In September 2000, Harvey created the nationally syndicated Steve Harvey Morning Show, which currently airs Monday through Friday from 6 to 10 a.m. EST in more 60 markets and has approximately 7 million weekly listeners. Syndicated by Premiere Radio Networks, the No. 1-rated show celebrated its 5-year anniversary with Premiere Radio on Oct. 3, 2010.
His first book "Act Like a Lady, Think Like a Man" was released on Jan. 27, 2009. The widely-acclaimed book was on the New York Times Best Sellers List for 64 weeks. On Dec. 7, 2010, HarperCollins released Harvey’s highly-anticipated second book, "Straight Talk, No Chaser: How to Find, Keep, and Understand a Man," which quickly became another best seller, debuting at No. 1 on the New York Times Best Sellers List (December 26, 2010).
Long dedicated to philanthropy, Steve Harvey believes that “dreaming is more important than anything.” Harvey continues his unending pursuit to further uplifting educational opportunities with youth through the Steve Harvey Foundation. As a partner with Walt Disney World, Harvey has created the annual Disney’s Dreamers Academy, a program mentoring 100 teenage boys and girls, inspiring and exposing them to a number of job skills and career opportunities. He launched The Steve Harvey Mentoring Weekend for Young Men in 2009, a camp for teenage boys from around the country who are without fathers, to share insights and skills to navigate manhood. Hosting 100 boys annually in Dallas, Harvey also continues to expand the initiative, to create satellite programs in 10 additional cities, his 1st Annual Steve Harvey Foundation Gala was held in New York in May 2010 and raised more than $1.5 million dollars. Honored by the Trumpet Awards in January 2010 with their highest honor, the Pinnacle Award, Harvey continues to break new ground in creating and supporting programs that will make a difference in the lives of everyday people. For all that he continues to do in the community Harvey was named Humanitarian of the Year at the 2011 BET Awards.
Born in West Virginia, Harvey was raised in Ohio the youngest of five children. A dedicated husband and father, together with his wife, Marjorie, they are parents to seven children ranging in age from teens to twenties. With a wide range of fans from kids to adults of all ages—whether reaching people as a comedian, radio personality, author, TV host, actor, entrepreneur or philanthropist—Harvey remains true to making personal connections through faith, uplifting words and actions, and everyday life, all while sharing laughs and good times worldwide. Steve Harvey, well-known for his side-splitting comedy, has broken the mold, reinvented himself, and is widely known for his strong family values, savvy business sense, and genuine passion for helping others. This is a man that lives life to its fullest, thanks God for every new day, and always believes in the power of a dream – the future shows no signs of slowing down in the life of Steve Harvey. For more information please visit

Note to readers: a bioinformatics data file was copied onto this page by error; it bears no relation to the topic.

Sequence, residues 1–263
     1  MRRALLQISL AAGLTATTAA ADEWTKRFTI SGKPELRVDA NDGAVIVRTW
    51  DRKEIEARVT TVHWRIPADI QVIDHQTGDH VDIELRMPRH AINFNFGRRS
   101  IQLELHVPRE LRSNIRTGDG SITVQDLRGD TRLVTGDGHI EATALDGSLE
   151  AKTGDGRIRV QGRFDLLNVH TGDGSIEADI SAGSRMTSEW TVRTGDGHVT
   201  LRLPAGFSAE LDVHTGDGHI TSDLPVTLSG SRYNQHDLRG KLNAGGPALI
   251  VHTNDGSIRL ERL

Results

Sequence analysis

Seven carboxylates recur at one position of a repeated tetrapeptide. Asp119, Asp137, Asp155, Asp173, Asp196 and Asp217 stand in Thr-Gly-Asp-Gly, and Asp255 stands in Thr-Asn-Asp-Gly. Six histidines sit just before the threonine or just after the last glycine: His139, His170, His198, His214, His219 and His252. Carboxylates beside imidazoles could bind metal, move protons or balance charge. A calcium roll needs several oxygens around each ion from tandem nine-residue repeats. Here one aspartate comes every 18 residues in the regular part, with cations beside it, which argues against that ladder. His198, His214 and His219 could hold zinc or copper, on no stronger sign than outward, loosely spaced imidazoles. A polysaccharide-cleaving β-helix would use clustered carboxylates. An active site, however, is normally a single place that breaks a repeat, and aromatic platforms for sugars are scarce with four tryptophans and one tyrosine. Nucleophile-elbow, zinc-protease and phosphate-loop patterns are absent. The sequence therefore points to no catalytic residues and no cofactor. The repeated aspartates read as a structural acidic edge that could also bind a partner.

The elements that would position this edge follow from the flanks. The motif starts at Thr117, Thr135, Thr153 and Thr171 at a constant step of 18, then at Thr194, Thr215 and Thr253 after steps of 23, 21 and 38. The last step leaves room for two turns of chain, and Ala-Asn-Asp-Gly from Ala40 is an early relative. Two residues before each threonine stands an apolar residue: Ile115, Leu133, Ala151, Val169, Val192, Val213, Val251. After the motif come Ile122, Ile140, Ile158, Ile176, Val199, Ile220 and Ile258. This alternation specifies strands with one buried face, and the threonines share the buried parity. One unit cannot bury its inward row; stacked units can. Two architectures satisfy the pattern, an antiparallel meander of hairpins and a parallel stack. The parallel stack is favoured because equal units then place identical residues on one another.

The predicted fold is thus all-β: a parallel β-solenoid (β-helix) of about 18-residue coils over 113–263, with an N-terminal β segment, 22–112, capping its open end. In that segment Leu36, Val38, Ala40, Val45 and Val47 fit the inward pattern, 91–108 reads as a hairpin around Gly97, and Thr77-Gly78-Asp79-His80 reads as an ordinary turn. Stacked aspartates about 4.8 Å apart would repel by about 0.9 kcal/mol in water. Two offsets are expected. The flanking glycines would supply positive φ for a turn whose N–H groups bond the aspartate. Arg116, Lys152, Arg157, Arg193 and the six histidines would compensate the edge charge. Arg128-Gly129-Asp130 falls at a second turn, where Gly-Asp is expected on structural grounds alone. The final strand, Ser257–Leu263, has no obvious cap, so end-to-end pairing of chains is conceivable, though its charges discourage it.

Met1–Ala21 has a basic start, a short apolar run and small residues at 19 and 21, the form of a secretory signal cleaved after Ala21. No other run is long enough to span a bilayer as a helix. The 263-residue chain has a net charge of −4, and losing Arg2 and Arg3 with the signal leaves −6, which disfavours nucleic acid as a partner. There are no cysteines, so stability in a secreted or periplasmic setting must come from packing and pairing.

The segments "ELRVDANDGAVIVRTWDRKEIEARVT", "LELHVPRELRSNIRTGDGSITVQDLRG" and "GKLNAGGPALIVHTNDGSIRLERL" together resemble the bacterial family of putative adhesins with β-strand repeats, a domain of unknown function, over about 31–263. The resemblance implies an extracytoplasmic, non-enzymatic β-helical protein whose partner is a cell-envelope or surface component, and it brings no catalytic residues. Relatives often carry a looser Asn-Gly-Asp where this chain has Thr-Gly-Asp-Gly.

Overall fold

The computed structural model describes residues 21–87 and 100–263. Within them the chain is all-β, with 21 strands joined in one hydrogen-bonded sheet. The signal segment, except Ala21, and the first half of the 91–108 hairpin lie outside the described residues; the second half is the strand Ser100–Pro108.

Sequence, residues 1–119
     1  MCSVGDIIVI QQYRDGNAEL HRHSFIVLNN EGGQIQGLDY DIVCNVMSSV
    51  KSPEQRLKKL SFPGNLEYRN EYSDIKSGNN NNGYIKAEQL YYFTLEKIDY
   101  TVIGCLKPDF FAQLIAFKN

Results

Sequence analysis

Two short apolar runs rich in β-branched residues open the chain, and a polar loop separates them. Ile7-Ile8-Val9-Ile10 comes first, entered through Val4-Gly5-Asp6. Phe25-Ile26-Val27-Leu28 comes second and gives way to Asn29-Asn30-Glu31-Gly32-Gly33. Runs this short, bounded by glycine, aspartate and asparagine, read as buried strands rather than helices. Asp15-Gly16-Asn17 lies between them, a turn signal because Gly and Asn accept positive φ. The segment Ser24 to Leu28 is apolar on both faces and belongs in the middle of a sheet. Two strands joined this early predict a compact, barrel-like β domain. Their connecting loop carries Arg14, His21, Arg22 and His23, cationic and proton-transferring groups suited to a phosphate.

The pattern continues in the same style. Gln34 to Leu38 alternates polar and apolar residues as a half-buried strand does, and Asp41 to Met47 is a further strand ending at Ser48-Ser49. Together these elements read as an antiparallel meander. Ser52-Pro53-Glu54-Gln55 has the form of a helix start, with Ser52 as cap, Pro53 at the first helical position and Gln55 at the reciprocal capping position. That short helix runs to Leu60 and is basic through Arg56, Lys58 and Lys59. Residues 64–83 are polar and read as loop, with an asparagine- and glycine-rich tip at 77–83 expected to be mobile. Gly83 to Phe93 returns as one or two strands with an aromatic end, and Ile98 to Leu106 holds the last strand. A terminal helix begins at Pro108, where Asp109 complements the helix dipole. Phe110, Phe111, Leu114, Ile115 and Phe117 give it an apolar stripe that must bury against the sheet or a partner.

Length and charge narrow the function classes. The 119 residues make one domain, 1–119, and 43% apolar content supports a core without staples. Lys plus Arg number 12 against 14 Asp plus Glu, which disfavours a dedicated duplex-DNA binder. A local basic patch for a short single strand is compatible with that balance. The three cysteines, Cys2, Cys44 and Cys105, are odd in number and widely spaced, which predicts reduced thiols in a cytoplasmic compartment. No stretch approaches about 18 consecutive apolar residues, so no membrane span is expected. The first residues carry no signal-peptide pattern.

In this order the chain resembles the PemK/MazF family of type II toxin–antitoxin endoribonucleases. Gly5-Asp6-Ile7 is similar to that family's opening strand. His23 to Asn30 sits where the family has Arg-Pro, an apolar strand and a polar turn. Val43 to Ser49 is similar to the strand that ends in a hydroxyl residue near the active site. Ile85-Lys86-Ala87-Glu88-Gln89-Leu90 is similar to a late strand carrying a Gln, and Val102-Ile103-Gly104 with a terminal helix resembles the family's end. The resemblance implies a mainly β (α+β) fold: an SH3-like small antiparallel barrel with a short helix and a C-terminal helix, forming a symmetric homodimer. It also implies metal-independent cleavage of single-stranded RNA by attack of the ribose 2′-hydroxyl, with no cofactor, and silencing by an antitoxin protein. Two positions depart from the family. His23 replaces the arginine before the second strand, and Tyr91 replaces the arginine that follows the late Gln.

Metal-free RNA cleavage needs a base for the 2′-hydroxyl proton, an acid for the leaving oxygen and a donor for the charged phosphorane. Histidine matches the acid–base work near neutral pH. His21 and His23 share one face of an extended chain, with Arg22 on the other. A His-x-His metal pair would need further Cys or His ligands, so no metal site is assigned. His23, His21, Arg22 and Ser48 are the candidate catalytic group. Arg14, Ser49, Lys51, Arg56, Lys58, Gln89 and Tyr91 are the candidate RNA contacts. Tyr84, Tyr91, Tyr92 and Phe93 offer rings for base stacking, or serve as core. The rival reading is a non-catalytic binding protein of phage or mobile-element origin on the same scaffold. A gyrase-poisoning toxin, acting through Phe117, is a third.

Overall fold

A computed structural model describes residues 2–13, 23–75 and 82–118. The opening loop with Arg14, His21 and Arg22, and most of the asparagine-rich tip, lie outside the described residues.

Sunday, December 11, 2011

Hillsborough has fill dirt to give away

Need some fill dirt? The Town of Hillsborough may have some for you.

The town is looking for sites that can accept multiple loads of material—dirt, rock and sometimes broken asphalt and concrete. The material comes from various excavations of the Utilities Department and the Streets Division of the Public Works Department. Sites that may need only one or two loads of fill dirt will be considered.

For more information and scheduling, contact Assistant Utilities Director Will Baker at (919) 732-9459.

Hagan votes for National Defense Authorization Act

Hagan/Portman combat Casualty Care Amendment aims to provide troops better care and increase mortality

U.S. Sen. Kay R. Hagan (D-N.C.) on Thursday, Dec. 1, voted for the National Defense Authorization Act (NDAA), which authorizes funding for the Department of Defense and all military and defense related activities. Hagan’s Combat Casualty Care Amendment was included in the final NDAA bill. Hagan also voted in favor of provisions under NDAA that would clarify the applicability of requirements for military custody with respect to detainees. The NDAA bill passed the Senate by a vote of 93 to 7.
“I am committed to ensuring our servicemembers, veterans and their families have all the resources and support they need and deserve,” Hagan said. “This bill provides our troops those resources, support, protections and authorities they need to carry out their missions.”
The Combat Casualty Care Amendment that Hagan introduced on Nov. 17 with Sen. Rob Portman (R-Ohio) requires the Department of Defense to carry out a study on measures to improve combat casualty care and increase the number of lives saved on the battlefield.
“This amendment will help guarantee those serving in combat zones receive the very best combat casualty care, and could help save lives on the battlefield,” Hagan said. “It is our duty to do everything we can to provide our the men and women serving on the frontlines with the absolute best care. They deserve nothing less.”
To view the Hagan/Portman Combat Casualty Care Amendment in full, please click here.
Hagan also voted in support of amendments to the NDAA introduced by Sen. Diane Feinstein that would clarify provisions related to detention of terrorists. Feinstein Amendment No. 1456 passed the Senate by a vote of 99 to 1 and was included in the final NDAA.
"My top priority is to provide our country with the authority and flexibility needed to guard against terrorist threats," Hagan said. "I believe that these were reasonable modifications to ensure that the provisions only applied to individuals captured outside the United States and upheld existing U.S. law."
Hagan hails from a strong military family—her father-in-law was a two-star Marine General; her brother and father served in the Navy; her husband, Chip, is a Vietnam Veteran who used the GI Bill to help pay for law school; and she has two nephews who have served in Iraq and Afghanistan.